Teach us to number our days, that we may gain a heart of wisdom. Relent, Lord! How long will it be? Have compassion on your servants. Satisfy us in the morning with your unfailing love, that we may sing for joy and be glad all our days. Make us glad for as many days as you have afflicted us, for as many years as we have seen trouble. May your deeds be shown to your servants, your splendor to their children. May the favor of the Lord our God rest on us; establish the work of our hands for us— yes, establish the work of our hands.
Psalm 90:12–17, NIV
The trucks were gone, leaving behind a garage full of boxes—and me, standing in the middle of our possessions from six years of cross-cultural living overseas. Where did the time go? Time, my frenemy, had sprouted wings and flown away.
So much happened in those intervening years. Four graduations, two weddings, one precious grandchild, and the passing of both my parents. My son had deployed to Afghanistan and, praise God, safely returned. Countless other experiences of living immersed in two diverse cultures had radically changed me.
Reflection on that season made me keenly aware of the rapid passing of days and the brevity of life. The familiar words of Psalm 90:12 came to mind, “Teach us to number our days that we may gain a heart of wisdom.” The ancient words of Moses convey the preciousness of our days on earth. His tone is urgent, and his desire is clear: to be a good steward of his time, guided by the wisdom of the Lord.
I love the way other places in Scripture describe our time on earth—as a mist (James 4:14), a mere breath (Psalm 39:5), swifter than a weaver’s shuttle (Job 7:6), like a shadow (1 Chronicles 29:15). The writers understood that time is fleeting, and so is life.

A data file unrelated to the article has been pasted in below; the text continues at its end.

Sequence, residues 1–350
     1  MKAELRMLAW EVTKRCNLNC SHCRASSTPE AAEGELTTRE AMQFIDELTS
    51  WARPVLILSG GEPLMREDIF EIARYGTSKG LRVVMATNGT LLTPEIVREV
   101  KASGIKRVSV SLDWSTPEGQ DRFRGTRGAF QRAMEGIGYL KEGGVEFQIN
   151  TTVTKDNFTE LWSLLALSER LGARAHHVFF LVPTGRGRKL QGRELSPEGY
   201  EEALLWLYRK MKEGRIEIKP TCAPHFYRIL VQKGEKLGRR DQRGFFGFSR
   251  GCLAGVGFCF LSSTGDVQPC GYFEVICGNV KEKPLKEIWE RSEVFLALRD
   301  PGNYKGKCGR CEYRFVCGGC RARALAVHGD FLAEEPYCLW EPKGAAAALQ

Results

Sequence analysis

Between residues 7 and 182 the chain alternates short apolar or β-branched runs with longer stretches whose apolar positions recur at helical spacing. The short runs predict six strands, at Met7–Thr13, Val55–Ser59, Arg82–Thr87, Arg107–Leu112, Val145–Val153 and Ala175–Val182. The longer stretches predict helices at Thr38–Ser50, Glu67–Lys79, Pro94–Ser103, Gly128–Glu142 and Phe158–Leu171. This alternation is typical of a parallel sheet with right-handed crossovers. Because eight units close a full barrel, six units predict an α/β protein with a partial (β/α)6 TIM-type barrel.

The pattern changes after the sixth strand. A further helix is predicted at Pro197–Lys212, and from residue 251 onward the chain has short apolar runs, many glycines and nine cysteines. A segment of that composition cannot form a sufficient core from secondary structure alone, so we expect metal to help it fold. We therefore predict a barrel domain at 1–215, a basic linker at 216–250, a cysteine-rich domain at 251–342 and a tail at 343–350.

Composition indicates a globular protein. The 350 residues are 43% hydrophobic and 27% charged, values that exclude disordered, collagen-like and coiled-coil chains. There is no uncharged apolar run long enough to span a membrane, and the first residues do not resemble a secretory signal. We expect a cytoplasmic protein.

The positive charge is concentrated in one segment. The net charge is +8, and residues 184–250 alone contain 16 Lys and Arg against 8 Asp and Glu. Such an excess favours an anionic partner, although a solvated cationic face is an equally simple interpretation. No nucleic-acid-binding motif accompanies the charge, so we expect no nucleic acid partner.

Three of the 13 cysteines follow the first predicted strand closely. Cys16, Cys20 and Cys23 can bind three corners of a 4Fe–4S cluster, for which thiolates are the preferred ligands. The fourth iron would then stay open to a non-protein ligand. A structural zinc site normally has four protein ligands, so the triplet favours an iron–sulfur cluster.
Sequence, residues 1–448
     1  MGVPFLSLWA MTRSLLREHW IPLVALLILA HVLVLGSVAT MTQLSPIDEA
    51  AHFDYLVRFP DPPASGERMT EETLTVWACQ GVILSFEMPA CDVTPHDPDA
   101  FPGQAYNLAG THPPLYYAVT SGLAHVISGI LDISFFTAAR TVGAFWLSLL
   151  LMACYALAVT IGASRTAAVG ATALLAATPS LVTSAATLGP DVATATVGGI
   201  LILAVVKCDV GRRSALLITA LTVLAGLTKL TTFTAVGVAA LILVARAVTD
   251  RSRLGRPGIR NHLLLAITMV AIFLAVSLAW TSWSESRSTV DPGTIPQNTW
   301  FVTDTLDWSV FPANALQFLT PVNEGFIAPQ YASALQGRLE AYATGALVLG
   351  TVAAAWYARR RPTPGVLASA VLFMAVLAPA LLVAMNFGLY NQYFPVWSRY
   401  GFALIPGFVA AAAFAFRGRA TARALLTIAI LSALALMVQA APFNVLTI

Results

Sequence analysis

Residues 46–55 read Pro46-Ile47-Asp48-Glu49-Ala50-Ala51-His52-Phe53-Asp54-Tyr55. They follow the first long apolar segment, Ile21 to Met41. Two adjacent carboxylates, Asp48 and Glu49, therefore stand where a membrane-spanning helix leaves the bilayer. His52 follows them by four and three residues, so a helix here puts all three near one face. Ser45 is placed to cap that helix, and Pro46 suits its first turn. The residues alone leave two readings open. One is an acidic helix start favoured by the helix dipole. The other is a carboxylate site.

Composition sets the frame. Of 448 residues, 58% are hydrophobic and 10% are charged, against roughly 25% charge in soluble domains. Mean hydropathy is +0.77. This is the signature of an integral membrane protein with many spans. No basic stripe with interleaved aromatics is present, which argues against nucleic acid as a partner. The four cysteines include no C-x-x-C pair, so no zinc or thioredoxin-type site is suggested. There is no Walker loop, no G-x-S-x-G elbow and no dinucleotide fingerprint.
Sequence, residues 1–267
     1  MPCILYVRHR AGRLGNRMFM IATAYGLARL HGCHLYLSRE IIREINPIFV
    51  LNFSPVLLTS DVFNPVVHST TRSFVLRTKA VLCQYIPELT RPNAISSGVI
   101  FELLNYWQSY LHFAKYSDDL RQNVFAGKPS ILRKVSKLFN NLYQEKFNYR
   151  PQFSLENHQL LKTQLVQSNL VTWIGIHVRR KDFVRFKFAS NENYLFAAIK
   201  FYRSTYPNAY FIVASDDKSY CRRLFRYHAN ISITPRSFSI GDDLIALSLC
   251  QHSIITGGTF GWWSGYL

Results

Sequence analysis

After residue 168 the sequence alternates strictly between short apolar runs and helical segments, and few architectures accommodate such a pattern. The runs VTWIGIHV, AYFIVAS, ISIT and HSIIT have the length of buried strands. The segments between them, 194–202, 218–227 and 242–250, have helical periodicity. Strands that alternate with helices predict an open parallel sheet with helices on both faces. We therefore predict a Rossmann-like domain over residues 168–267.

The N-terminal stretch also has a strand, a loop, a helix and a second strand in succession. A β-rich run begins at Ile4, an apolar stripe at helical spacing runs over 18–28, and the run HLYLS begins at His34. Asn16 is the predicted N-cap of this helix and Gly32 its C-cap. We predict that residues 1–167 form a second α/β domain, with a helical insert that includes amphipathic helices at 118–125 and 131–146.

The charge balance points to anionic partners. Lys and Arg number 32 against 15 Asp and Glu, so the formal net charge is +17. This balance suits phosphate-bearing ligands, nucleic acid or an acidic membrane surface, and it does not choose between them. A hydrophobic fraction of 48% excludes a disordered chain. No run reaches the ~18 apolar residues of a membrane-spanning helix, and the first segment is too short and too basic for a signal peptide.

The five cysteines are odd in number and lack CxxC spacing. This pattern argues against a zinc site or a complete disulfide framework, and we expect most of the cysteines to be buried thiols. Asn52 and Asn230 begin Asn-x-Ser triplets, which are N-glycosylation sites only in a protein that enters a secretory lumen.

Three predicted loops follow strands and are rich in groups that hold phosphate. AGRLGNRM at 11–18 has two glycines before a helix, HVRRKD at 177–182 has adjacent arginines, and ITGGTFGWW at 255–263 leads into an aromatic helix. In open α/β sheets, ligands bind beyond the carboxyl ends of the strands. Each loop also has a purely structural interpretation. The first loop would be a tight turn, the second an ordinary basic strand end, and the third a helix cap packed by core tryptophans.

The boxes in my garage were a tangible reminder of that truth. As I stood, surrounded by our belongings, I experienced grief and loss about the life I left behind and a great deal of uncertainty about what lay ahead. I was now on the far side of fifty, and I related to Moses’s urgent tone more than ever. How could I continue to make the most of my days? The answer lies in remembering His faithfulness.
The Father of Time had guided my steps during those six, short, life-transforming years. Whether in joy or affliction, His unfailing love and compassion were my constant companion, and He had established the work of my hands. I knew He would continue to do so in the present and the future.
Brothers and sisters, whatever season of life you are in, remember His faithfulness. He will guide you in making the most of your time. You will grow in wisdom as you rest in His unfailing love.
As they often do, the words of C.S. Lewis encourage me, “There are far, far better things ahead than any we leave behind.”
I believe that is true, as we move forward in this earthly life and look forward to eternity.
Shirley Ralston (MACE, 2008) serves on the leadership team for the DTS-Houston Alumni Association. She is a writer, teacher, and pastor’s research team member at Houston’s First Baptist Church. She is also a founding member of the HFBC Missionary Care Team. Shirley and her husband, Jeff, reside in Houston after several years living in the Middle East and the South Pacific.